Despite this being the season of goodwill, the Scrooge-like culture of businesses not paying bills will take the gloss off anyone’s Christmas.
One of the plus points when coming out of a recession is that business leaders continue to think smart about how they run their enterprises, keep things tight, but take a more cautiously optimistic approach to the future.
On the flip side, there are firms that extended payment terms during the recession and have continued to apply this disgraceful practice to our improved economy.
According to some research by a company called Tungsten a few months ago, nearly a quarter of small and medium-sized businesses (SMEs) in the UK are under pressure because of the late payment on invoices.
This research reckons that the average SME is owed about £40,000 in unpaid invoices with more than half of it overdue. Applied to the UK’s 5.2m SME businesses, the total owed could be an eye-watering £212bn.
The impact late payments have on SMEs cannot be underestimated, especially for those that are VAT registered and don’t operate on cash terms, but pay tax based on the value of the invoices issued and received rather than the payments received and made.
Some firms end up relying on overdrafts to keep things going or become offenders by delaying paying bills and staff. All this does is create a domino effect where the pain is passed on and no one in the business community is immune.
Read more from Charlie Mullins:
- Any firm with the opportunity to employ an older worker should grasp it with both hands
- Now ranked sixth best country for doing business, UK must tackle productivity
- Lack of policy has left us with a lawless online reviews space
I was hopeful that when the government-backed Prompt Payment Code was launched it would be a step in the right direction to wipe this practice from UK businesses. It is designed to encourage better treatment of suppliers, but perhaps the rules need tightening further and “encourage” is replaced by “required”.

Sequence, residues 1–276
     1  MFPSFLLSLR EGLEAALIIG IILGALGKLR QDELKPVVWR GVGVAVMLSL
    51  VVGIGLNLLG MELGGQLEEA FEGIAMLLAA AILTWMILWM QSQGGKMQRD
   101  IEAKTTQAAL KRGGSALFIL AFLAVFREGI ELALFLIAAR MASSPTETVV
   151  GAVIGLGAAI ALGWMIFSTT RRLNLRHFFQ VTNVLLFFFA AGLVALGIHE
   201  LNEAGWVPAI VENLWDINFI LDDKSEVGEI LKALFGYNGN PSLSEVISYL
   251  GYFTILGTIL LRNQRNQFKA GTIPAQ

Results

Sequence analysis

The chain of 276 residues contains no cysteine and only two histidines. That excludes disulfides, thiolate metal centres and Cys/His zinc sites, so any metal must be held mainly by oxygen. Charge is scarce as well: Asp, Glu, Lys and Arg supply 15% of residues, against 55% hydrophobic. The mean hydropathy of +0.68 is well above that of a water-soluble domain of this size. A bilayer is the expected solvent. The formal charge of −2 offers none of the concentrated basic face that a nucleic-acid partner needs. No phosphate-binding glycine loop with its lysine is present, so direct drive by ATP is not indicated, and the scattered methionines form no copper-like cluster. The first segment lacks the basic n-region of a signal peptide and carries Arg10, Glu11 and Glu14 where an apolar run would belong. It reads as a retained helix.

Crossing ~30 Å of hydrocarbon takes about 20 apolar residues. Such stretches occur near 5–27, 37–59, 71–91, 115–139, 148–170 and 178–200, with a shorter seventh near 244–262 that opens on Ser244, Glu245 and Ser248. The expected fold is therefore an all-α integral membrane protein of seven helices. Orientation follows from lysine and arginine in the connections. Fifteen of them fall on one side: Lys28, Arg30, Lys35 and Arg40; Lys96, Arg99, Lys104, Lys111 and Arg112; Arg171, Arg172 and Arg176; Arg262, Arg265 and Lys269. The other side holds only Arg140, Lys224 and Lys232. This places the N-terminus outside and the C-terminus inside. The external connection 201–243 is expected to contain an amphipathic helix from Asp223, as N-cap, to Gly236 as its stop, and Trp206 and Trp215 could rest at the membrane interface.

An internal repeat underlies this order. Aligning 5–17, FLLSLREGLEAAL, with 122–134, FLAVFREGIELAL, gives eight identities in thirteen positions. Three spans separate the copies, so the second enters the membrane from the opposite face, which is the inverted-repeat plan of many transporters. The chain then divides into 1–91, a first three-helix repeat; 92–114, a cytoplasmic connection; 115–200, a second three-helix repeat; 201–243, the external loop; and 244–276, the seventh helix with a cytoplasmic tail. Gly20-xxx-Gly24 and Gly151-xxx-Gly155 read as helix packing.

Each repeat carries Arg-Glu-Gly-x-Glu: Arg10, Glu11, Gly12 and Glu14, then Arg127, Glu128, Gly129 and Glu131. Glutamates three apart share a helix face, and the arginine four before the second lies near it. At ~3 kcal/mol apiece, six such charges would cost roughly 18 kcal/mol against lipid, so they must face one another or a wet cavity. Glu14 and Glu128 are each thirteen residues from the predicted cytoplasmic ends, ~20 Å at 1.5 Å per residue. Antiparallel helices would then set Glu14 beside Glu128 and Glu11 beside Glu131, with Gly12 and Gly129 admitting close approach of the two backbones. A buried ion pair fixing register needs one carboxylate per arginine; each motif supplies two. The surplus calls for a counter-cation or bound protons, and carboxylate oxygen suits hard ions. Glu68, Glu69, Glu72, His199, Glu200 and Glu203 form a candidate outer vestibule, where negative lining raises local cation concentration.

To my mind, late payment is no different to failing to pay staff the minimum wage. Great strides have been made to name and shame those businesses, and perhaps the same should be the case for the worst offending late payers. Perhaps the threat of a decent fine – with strict 30 day payment terms of course – will make offenders think twice!
After all, it’s in the government’s interests to make sure the cash that is the lifeblood of business is injected into SMEs. Without it, firms will cut jobs, cancel investments and ultimately impact on the amount of money that’s received by the Treasury.
Money makes the world go round, but the planet could be in danger of falling off its axis if big business keep the cash squirrelled away and fail to pay suppliers what each are owed.
It would be a fantastic Christmas gift for all the small businesses up and down the land to come back in January to find accounts swelled by all the cash owed. Unfortunately, while Christmas is supposed to be a time of miracles, I think that this is probably a wish too far, but we can always hope.
This is my last column of 2015 and I want to thank all the readers of Real Business and everyone who have tweeted me about what I’ve written for this fantastic publication over the last year. Have a fantastic Christmas and a prosperous and profitable 2016.